Parts produced at Nottingham are being shipped via daily flights on a Boeing 747 jet until production in Eaton Rapids returns to pre-fire levels.
Inventories of Ford’s best-selling F-Series pickups and other vehicles remain strong and customers won’t have a problem finding the model they want.
1 Adjusted earnings per share is a non-GAAP financial measure. Ford does not provide guidance on an earnings per share basis, the comparable GAAP financial measure. Ford’s earnings per share in 2018 will include potentially significant special items that have not yet occurred and are difficult to predict with reasonable certainty prior to year-end, including pension and OPEB remeasurement gains and losses.
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Statements included or incorporated by reference herein may constitute “forward-looking statements” within the meaning of the Private Securities Litigation Reform Act of 1995. Forward-looking statements are based on expectations, forecasts, and assumptions by our management and involve a number of risks, uncertainties, and other factors that could cause actual results to differ materially from those stated, including, without limitation:
- Ford’s long-term competitiveness depends on the successful execution of fitness actions;
- Industry sales volume, particularly in the United States, Europe, or China, could decline if there is a financial crisis, recession, or significant geopolitical event;
- Ford’s new and existing products and mobility services are subject to market acceptance;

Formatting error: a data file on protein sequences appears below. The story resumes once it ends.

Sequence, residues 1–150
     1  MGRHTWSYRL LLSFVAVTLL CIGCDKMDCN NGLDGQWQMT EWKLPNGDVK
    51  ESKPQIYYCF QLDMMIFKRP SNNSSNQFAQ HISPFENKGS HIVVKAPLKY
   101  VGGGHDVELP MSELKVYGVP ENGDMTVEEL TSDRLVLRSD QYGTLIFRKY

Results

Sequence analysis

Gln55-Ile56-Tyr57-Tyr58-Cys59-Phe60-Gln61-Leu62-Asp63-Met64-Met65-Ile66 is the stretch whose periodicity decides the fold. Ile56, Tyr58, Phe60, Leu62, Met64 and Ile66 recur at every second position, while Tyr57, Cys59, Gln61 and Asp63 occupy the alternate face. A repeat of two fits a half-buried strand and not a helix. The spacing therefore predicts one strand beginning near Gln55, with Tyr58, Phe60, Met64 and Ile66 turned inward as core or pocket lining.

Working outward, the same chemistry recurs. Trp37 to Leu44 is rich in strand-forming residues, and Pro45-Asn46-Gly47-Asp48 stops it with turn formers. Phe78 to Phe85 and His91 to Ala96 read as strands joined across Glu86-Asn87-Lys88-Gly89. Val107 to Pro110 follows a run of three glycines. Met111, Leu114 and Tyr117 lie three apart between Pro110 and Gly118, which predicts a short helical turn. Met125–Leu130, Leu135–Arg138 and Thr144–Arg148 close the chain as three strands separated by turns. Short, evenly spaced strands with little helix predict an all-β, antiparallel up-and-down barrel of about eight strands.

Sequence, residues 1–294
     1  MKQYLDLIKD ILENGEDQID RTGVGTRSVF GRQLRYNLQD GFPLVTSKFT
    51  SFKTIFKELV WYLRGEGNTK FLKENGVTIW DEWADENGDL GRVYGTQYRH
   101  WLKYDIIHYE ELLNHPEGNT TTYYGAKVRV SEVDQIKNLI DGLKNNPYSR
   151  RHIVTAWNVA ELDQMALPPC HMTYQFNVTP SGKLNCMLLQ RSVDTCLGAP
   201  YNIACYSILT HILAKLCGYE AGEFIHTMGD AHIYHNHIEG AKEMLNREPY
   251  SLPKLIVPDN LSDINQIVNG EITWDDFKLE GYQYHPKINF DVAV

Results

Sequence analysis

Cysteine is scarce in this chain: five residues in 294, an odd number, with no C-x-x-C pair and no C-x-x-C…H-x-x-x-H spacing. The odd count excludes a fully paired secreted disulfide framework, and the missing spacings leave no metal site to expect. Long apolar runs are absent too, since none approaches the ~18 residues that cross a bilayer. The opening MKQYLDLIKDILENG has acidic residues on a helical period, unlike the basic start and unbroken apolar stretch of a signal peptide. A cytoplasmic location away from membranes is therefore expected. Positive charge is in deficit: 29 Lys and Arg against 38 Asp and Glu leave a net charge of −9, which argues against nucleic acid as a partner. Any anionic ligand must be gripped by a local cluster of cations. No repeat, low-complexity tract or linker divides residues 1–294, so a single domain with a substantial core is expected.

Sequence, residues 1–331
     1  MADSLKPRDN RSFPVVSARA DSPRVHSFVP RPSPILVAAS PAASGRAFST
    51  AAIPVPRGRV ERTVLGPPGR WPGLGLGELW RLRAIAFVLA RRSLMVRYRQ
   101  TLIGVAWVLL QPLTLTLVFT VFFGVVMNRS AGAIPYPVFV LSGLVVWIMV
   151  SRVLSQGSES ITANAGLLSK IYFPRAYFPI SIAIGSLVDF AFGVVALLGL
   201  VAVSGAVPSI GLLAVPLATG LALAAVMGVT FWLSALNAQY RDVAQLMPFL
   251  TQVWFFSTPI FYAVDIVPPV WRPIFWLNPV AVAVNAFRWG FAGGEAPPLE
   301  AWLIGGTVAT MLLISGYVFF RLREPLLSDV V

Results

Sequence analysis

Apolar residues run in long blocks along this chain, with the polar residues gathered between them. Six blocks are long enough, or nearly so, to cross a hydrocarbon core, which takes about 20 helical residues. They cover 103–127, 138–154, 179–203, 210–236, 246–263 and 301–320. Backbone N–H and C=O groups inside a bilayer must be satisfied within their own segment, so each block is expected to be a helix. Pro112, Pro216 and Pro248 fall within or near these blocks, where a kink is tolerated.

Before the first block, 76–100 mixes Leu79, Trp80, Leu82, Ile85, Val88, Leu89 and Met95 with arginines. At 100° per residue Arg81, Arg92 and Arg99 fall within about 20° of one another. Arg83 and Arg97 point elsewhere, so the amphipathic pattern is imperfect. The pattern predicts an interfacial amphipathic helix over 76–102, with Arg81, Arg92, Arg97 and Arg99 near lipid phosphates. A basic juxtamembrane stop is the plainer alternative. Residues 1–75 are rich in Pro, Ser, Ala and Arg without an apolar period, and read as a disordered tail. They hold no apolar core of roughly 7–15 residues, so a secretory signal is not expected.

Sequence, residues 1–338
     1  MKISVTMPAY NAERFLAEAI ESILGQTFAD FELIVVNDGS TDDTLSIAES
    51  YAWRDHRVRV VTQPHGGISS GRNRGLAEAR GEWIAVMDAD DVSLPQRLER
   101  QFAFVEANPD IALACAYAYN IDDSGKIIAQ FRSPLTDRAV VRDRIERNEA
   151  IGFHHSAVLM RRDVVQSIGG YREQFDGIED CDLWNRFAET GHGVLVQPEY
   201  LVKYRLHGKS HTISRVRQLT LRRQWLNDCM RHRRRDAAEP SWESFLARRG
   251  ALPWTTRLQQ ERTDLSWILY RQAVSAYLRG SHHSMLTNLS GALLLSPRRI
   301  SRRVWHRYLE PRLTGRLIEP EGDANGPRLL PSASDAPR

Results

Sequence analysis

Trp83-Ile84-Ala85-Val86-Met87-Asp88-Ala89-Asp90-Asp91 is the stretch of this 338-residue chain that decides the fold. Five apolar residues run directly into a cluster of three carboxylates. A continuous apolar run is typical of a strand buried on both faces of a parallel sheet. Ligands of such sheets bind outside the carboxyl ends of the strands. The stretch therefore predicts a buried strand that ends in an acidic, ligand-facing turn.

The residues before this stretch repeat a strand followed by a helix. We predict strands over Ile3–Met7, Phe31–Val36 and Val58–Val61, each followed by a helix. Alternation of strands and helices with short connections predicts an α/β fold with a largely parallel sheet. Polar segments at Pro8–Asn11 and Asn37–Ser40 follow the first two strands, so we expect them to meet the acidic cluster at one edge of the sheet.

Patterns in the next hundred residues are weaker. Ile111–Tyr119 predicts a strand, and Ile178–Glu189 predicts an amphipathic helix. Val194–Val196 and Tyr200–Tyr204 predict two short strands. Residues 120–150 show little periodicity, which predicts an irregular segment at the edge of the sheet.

- Ford’s results are dependent on sales of larger, more profitable vehicles, particularly in the United States;
- Ford may face increased price competition resulting from industry excess capacity, currency fluctuations, or other factors;
- Fluctuations in commodity prices, foreign currency exchange rates, and interest rates can have a significant effect on results;
- With a global footprint, Ford’s results could be adversely affected by economic, geopolitical, protectionist trade policies,
or other events;
- Ford’s production, as well as Ford’s suppliers’ production, could be disrupted by labor disputes, natural or man-made disasters, financial distress, production difficulties, or other factors;
- Ford’s ability to maintain a competitive cost structure could be affected by labor or other constraints;
- Pension and other postretirement liabilities could adversely affect Ford’s liquidity and financial condition;
- Economic and demographic experience for pension and other postretirement benefit plans (e.g., discount rates or investment returns) could be worse than Ford has assumed;
- Ford’s vehicles could be affected by defects that result in delays in new model launches, recall campaigns, or increased
- Safety, emissions, fuel economy, and other regulations affecting Ford may become more stringent;
- Ford could experience unusual or significant litigation, governmental investigations, or adverse publicity arising out of alleged defects in products, perceived environmental impacts, or otherwise;
- Ford’s receipt of government incentives could be subject to reduction, termination, or clawback;
- Operational systems, security systems, and vehicles could be affected by cyber incidents;
- Ford Credit’s access to debt, securitization, or derivative markets around the world at competitive rates or in sufficient amounts could be affected by credit rating downgrades, market volatility, market disruption, regulatory requirements, or other factors;
- Ford Credit could experience higher-than-expected credit losses, lower-than-anticipated residual values, or higher-than-expected return volumes for leased vehicles;